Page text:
Government vehicle violations cause concern

MARINE CORPS BASE CAMP PENDLETON, Calif.  —  On any given…

MARINE CORPS BASE CAMP PENDLETON, Calif.  —  On any given business day an estimated 1,300 government vehicles operate on or near Camp Pendleton with the Marine Corps’ mission in mind.

“Camp Pendleton is a large, busy installation with a considerable number of government vehicles being operated on its roadways,” said Joe A. Grabman, manager, police administrative services support services division, Provost Marshal Office, Marine Corps Base Camp Pendleton. “We need every operator’s help, cooperation and adherence to traffic regulations to make this environment as safe as possible.”

Approximately 2,500 vehicles make up the busy installation’s commercial vehicle fleet excluding those used by Marine Corps Community Services, nearby installations- and the Navy.

Possible government vehicle violations range from speeding and talking on mobile phones while driving, to not wearing seatbelts. These violations are outlined by federal, state and base regulations, according to Base Order 5101.3R addressing the Disposition of Traffic Violations.

“This inappropriate behavior reflects directly on the Marine Corps,” said Samuel J. Seaman, fleet manager, Garrison Mobile Equipment, Southwest Region Fleet Transportation, Marine Corps Base Camp Pendleton. “You have to remember that a large percentage of the time there are others in the vehicle or on the road with you, and your actions affect them as well as yourself.”

From a safety standpoint, government vehicles are likely have a greater potential for causing harm or a more severe accident if one were to occur, said Grabman, who retired as a master sergeant in the Marine Corps with more than 20 years of experience in the military police force. Some Government vehicles, due to their size and mass make adherence to traffic regulations all the more important.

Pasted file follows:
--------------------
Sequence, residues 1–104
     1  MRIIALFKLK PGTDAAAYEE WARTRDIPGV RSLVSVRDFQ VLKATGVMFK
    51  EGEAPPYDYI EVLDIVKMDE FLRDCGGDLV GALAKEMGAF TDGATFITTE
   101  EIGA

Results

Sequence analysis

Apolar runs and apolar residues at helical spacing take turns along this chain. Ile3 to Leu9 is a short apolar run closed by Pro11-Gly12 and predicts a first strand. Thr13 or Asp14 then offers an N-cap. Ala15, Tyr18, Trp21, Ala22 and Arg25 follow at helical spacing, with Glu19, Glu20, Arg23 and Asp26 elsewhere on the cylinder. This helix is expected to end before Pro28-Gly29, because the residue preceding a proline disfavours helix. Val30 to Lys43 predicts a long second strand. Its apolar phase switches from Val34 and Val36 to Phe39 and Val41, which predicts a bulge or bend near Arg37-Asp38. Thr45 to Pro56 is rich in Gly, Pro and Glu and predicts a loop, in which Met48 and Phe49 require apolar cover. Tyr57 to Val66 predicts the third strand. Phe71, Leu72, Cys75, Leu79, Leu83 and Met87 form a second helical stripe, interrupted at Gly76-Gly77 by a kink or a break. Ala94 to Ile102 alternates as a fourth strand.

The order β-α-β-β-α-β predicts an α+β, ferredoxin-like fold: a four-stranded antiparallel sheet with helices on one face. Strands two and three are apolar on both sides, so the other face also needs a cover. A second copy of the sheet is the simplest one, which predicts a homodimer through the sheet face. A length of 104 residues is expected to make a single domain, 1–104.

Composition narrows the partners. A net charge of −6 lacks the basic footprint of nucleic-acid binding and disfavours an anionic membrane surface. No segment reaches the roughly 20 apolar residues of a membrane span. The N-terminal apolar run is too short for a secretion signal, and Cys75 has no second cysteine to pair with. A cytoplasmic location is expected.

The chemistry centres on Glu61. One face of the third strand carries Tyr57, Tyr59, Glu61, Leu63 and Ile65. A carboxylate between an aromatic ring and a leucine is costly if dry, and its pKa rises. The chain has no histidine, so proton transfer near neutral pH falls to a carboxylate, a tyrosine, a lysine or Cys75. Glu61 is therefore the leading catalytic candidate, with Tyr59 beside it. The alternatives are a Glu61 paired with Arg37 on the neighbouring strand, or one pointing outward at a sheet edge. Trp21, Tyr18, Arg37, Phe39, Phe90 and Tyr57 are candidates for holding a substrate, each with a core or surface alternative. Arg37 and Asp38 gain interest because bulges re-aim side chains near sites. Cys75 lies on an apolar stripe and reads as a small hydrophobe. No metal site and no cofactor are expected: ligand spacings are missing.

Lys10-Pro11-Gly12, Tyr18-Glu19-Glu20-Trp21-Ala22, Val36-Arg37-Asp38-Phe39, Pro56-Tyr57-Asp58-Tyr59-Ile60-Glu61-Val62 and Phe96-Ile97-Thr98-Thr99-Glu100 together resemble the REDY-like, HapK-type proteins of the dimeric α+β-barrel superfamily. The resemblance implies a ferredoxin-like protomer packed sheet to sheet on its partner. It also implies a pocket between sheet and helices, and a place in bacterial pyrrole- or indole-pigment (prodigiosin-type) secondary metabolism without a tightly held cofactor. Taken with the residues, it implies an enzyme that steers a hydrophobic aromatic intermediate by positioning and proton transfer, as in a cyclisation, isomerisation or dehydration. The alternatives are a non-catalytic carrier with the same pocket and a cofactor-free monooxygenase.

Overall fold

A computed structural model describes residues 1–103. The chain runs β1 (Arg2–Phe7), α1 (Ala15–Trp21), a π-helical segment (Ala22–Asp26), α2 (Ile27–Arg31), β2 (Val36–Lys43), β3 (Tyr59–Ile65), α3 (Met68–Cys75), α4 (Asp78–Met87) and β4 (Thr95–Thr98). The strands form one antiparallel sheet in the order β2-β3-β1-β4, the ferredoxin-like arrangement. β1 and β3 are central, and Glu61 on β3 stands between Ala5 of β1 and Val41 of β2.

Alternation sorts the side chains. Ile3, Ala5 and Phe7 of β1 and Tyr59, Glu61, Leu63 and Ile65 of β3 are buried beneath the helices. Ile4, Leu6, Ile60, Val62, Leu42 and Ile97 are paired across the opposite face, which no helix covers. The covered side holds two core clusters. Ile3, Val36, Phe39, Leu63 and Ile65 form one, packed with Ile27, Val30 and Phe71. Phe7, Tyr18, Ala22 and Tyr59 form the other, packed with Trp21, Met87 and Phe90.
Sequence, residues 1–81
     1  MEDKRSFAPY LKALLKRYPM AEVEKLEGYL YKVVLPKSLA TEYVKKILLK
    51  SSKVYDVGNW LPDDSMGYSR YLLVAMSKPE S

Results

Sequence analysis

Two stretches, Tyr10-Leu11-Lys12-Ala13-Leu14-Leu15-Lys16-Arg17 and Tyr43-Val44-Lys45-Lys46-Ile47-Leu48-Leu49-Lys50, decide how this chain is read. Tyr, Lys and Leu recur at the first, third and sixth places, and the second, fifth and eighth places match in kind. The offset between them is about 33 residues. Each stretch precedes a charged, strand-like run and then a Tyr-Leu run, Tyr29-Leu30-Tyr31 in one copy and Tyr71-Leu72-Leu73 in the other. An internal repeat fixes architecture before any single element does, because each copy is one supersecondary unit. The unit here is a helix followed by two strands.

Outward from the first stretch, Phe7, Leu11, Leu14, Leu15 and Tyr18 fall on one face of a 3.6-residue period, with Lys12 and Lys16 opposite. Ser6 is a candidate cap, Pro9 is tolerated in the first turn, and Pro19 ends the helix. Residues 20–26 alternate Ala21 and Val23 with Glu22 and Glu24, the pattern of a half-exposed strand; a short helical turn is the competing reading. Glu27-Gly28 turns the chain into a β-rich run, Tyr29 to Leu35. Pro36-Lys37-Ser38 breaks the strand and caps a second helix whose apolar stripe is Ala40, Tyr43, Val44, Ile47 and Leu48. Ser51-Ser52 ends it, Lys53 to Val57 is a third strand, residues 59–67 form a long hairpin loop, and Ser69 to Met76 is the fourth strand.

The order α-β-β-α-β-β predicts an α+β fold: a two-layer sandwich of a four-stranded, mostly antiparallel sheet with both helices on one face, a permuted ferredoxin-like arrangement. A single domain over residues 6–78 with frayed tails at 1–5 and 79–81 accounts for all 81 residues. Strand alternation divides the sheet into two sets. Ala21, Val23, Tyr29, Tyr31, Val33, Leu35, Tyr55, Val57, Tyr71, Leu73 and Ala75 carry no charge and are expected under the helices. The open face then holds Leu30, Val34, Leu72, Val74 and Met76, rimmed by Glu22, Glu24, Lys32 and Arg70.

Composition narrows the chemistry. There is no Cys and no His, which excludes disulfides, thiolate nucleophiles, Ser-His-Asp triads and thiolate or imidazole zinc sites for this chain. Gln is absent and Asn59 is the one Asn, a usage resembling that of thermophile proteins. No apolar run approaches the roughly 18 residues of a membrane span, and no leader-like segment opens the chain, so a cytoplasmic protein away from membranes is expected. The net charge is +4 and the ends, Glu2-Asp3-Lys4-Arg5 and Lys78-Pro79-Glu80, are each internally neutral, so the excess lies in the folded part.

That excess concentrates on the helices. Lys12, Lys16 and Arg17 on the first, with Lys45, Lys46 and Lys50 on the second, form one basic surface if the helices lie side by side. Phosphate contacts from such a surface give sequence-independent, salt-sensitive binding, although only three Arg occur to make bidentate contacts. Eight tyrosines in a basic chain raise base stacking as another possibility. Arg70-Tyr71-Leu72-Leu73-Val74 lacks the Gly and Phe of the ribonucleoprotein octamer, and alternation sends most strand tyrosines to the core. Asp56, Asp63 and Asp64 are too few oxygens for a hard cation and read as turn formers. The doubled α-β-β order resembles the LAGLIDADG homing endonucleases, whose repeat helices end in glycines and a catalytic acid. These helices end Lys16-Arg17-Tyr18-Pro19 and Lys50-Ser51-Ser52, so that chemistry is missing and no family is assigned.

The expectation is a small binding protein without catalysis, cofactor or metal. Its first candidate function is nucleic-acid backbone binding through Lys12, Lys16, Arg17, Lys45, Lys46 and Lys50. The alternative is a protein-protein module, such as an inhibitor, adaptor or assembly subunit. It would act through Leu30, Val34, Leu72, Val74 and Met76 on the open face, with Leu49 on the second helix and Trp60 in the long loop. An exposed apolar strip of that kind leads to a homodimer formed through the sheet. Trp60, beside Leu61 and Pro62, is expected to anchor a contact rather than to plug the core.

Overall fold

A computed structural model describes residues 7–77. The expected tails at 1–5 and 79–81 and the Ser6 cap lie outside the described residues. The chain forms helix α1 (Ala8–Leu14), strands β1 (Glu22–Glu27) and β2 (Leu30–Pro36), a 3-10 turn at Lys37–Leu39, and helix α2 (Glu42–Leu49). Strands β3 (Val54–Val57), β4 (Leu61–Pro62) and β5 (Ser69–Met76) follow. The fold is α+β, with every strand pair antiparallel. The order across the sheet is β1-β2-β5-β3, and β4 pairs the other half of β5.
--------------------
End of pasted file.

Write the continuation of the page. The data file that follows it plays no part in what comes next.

Camp Pendleton has recently taken precautionary measures to prevent possible misuse and has installed recording devices in government vehicles, he added. The devices capture and transmit vehicle operation data including speed, location, engine idling time and engine performance.

“These devices are installed to enhance vehicle operator safety awareness and to modify driving behaviors,” said Seaman, who has spent more than 30 years working with government transportation. “We want drivers to know we are monitoring their activity so that they will operate the vehicle in a responsible manner.”

Many senior leaders and other motorists often wonder what they can do to assist Camp Pendleton’s PMO, said Grabman. You can help by reporting suspected violations online at http://www.pendleton.usmc.mil/base/ses/pmo/violation.pdf.

Validated traffic violators are then required to appear in traffic court overseen by the base magistrate. Depending on the nature of the offense, violators may have their government vehicle or base driving privileges revoked, according to BO 5101.3R. Awarded punishments do not limit other eligible jurisdictions from prosecuting with additional charges.

This order applies to all civilians and military personnel who are permitted to drive government vehicles on Camp Pendleton and Naval Weapons Station Seal Beach, Detachment Fallbrook at any time, for any reason.

“These regulations are put in place to help maintain safe conditions,” added Seaman. “Violating these regulations puts yourself and others on the road in dangerous situations.”

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